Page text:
U.S. gasoline demand increased from 8.99 million b/d to 9.72 million b/d. Total domestic gasoline stocks decreased slightly by 1.5 million bbl to 222.7 million bbl last week, according to the U.S. Energy Information Administration (EIA). Growing demand and tight supply would support more significant increases in pump prices, but fluctuations in the price of crude oil have helped to limit price increases. If oil prices climb, pump prices will likely follow suit.

With the surge of the Omicron variant, travel continues to be impacted by the coronavirus pandemic. Visit AAA.com/covidmap for an interactive map with the latest travel restrictions and policies for North America. Find AAA’s latest COVID-19 information for travelers here.

Quick stats

Oregon is one of 22 states and the District of Columbia with higher prices now than a week ago. Oregon (+6 cents) has the largest weekly increase in the nation. Arizona (-4 cents) has the largest week-over-week decline.

California ($4.66) and Hawaii ($4.33) continue to have the most expensive gas prices in the country and are the only states in the nation with averages above $4 a gallon, while 39 states and the District of Columbia have averages above $3 a gallon.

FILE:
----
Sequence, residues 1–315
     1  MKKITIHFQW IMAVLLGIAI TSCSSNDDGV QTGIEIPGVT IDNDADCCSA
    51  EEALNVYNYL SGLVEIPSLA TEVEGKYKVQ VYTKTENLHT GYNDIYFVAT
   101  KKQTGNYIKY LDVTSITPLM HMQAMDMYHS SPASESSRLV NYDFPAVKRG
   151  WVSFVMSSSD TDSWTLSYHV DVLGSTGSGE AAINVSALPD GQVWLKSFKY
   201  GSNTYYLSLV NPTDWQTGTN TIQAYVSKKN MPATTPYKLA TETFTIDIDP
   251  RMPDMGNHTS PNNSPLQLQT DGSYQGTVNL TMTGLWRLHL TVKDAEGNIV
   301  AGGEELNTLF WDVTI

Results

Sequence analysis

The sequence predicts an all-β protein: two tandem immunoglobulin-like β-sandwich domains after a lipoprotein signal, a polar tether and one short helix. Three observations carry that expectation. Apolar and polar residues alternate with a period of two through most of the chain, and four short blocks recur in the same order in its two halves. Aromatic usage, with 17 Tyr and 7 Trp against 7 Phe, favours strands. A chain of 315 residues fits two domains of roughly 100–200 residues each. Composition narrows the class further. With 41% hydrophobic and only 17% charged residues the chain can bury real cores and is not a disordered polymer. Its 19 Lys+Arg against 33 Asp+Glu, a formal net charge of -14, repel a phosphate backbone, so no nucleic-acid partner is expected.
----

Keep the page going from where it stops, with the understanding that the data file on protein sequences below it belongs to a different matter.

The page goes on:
The cheapest gas in the nation is in Oklahoma ($2.89) and Texas ($2.91). They are among 11 states that have averages below $3 a gallon. For the 52nd week in a row, no state has an average below $2 a gallon.

Oregon and Washington are the only two states that have higher prices now than a month ago. The national average is eight cents less and the Oregon average is four cents more than a month ago. Michigan (-17 cents) has the largest month-over-month decrease.

All 50 states and the District of Columbia have higher prices now than a year ago, and 26 states and D.C.  have a current average that’s a dollar or more higher than a year ago. The national average is $1.03 more and the Oregon average is $1.22 more than a year ago. This is the sixth-largest yearly increase in the nation. California (+$1.41) has the biggest yearly increase. Ohio (+82 cents) has the smallest year-over-year increase.

West Coast

 The West Coast region continues to have the most expensive pump prices in the nation with all seven states in the region in the top 10.

Rank Region Price on    1/4/22
1 California $4.66
2 Hawaii $4.33
3 Washington $3.89
4 Nevada $3.84
5 Oregon $3.83
6 Alaska $3.71
7 Arizona $3.62
8 Idaho $3.57
9 Pennsylvania $3.53
10 Connecticut $3.50

California is the most expensive state for the 50th week in a row with Hawaii, Washington, Nevada, Oregon, Alaska, and Arizona rounding out the top seven. Oregon is fifth for the 13th week in a row.